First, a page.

Access & Use Information

Public: This dataset is intended for public access and use. License: No license information was provided. If this work was prepared by an officer or employee of the United States government as part of that person's official duties it is considered a U.S. Government Work.

Downloads & Resources

References

http://techport.nasa.gov/home
http://techport.nasa.gov/doc/home/TechPort_Advanced_Search.pdf
http://techport.nasa.gov/fetchFile?objectId=6561
http://techport.nasa.gov/fetchFile?objectId=3456
http://techport.nasa.gov/fetchFile?objectId=3447
http://techport.nasa.gov/fetchFile?objectId=6584
http://techport.nasa.gov/fetchFile?objectId=6560
http://techport.nasa.gov/fetchFile?objectId=3448

Dates

Metadata Created Date November 12, 2020
Metadata Updated Date December 7, 2023

Metadata Source

Harvested from NASA Data.json

Additional Metadata

Resource Type Dataset
Metadata Created Date November 12, 2020
Metadata Updated Date December 7, 2023
Publisher Space Technology Mission Directorate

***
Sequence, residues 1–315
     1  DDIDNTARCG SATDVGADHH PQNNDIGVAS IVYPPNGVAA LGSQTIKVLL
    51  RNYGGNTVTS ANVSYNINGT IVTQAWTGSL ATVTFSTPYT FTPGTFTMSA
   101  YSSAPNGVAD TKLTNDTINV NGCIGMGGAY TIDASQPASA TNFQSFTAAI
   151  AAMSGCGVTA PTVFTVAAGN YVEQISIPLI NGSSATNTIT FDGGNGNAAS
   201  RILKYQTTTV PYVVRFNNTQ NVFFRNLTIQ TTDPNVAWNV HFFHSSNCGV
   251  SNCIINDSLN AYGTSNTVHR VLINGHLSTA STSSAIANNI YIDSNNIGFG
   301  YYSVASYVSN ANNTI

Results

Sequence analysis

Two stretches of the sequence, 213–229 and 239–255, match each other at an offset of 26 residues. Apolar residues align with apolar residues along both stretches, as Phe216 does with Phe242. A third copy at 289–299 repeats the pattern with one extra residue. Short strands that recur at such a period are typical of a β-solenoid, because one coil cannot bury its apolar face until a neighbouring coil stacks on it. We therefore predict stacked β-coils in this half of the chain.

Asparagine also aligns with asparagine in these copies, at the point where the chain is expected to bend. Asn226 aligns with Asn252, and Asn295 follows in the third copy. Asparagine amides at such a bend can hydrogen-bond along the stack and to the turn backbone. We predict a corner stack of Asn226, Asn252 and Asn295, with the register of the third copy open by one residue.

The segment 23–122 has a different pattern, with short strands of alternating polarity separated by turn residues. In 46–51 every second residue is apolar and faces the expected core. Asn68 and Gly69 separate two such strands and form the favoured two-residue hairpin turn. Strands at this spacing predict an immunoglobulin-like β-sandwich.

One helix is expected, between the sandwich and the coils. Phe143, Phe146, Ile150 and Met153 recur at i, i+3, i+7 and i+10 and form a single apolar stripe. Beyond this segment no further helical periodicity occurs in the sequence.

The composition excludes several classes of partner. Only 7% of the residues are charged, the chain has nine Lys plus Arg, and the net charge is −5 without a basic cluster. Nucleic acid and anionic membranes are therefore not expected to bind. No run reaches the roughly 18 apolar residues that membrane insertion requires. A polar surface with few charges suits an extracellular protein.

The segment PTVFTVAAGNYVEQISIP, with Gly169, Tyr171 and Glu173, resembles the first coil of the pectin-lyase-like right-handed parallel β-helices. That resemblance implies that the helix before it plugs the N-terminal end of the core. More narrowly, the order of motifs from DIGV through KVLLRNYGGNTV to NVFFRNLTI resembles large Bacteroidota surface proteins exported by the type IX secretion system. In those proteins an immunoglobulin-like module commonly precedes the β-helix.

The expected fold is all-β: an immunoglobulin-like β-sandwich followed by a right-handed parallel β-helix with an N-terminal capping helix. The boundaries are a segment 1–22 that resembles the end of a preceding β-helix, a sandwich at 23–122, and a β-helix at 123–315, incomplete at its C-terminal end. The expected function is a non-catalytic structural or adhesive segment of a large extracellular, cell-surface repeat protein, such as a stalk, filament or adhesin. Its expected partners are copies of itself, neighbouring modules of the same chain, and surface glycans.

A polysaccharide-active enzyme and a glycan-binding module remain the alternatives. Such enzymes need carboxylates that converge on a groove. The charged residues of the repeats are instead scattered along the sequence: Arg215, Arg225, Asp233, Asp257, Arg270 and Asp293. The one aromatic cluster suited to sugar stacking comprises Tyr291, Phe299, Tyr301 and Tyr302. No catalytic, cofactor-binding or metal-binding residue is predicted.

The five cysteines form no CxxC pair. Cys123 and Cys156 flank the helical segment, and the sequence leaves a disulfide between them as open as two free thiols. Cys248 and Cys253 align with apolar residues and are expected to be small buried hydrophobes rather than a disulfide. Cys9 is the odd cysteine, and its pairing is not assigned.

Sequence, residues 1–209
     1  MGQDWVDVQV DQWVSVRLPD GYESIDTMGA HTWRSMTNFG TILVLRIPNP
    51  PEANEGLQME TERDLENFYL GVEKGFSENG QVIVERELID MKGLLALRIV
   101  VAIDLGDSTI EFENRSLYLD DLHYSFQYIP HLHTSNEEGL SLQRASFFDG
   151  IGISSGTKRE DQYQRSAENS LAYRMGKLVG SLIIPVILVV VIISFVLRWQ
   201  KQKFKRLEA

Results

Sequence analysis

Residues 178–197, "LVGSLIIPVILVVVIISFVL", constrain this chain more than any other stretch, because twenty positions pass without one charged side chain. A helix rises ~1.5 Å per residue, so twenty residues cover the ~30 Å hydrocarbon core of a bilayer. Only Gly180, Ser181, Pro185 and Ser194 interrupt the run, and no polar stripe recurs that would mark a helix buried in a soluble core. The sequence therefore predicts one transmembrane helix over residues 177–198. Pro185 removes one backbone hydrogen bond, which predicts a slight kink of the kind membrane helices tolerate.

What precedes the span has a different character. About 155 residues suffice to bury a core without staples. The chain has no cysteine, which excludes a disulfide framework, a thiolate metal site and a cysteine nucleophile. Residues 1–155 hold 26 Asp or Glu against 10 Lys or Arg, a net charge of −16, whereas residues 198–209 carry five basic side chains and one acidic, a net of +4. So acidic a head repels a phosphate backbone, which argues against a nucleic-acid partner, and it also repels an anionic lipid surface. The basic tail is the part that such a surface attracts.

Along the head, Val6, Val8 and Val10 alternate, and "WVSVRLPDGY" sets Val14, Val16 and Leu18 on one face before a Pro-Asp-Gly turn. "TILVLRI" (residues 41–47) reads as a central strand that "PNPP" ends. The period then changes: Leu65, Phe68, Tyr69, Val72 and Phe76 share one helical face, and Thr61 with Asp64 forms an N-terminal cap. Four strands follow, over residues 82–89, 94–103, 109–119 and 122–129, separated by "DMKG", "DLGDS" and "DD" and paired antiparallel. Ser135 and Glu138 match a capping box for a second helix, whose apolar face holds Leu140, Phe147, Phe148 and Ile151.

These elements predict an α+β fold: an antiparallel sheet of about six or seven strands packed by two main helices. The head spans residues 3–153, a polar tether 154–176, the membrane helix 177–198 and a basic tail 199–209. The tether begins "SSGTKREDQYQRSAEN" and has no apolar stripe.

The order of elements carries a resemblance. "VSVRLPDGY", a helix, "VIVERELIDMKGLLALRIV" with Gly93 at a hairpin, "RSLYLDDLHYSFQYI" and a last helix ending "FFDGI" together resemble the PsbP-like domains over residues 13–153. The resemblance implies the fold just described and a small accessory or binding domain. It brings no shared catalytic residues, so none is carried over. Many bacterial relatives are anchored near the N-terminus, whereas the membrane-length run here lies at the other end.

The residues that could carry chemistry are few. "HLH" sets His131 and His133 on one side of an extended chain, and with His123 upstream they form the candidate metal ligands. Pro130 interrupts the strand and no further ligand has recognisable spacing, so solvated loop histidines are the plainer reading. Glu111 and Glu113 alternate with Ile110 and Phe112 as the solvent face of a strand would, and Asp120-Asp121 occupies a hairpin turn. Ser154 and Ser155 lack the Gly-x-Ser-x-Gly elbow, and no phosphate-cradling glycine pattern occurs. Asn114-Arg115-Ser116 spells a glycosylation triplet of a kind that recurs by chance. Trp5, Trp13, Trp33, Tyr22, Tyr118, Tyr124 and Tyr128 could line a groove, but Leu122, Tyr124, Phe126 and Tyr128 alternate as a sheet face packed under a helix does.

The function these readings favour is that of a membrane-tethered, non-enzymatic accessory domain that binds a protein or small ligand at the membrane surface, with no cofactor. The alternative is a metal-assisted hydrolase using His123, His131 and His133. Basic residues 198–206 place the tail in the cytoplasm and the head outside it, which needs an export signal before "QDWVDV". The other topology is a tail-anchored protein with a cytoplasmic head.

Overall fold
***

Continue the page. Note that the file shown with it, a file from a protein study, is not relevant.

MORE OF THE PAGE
Maintainer
Identifier TECHPORT_13677
Data First Published 2012-10-01
Data Last Modified 2020-01-29
Public Access Level public
Bureau Code 026:00
Metadata Context https://project-open-data.cio.gov/v1.1/schema/catalog.jsonld
Metadata Catalog ID https://data.nasa.gov/data.json
Schema Version https://project-open-data.cio.gov/v1.1/schema
Catalog Describedby https://project-open-data.cio.gov/v1.1/schema/catalog.json
Harvest Object Id 7f16e772-2828-4f31-b011-1a76c1992aa9
Harvest Source Id 58f92550-7a01-4f00-b1b2-8dc953bd598f
Harvest Source Title NASA Data.json
Homepage URL http://techport.nasa.gov/view/13677
Program Code 026:000
Related Documents http://techport.nasa.gov/home, http://techport.nasa.gov/doc/home/TechPort_Advanced_Search.pdf, http://techport.nasa.gov/fetchFile?objectId=6561, http://techport.nasa.gov/fetchFile?objectId=3456, http://techport.nasa.gov/fetchFile?objectId=3447, http://techport.nasa.gov/fetchFile?objectId=6584, http://techport.nasa.gov/fetchFile?objectId=6560, http://techport.nasa.gov/fetchFile?objectId=3448
Source Datajson Identifier True
Source Hash 748fa3a2a8327188b9e5561a6eaab6327213fbbf9a4ab3293b549731c44b9992
Source Schema Version 1.1
Temporal 2012-10-01T00:00:00Z/2014-09-01T00:00:00Z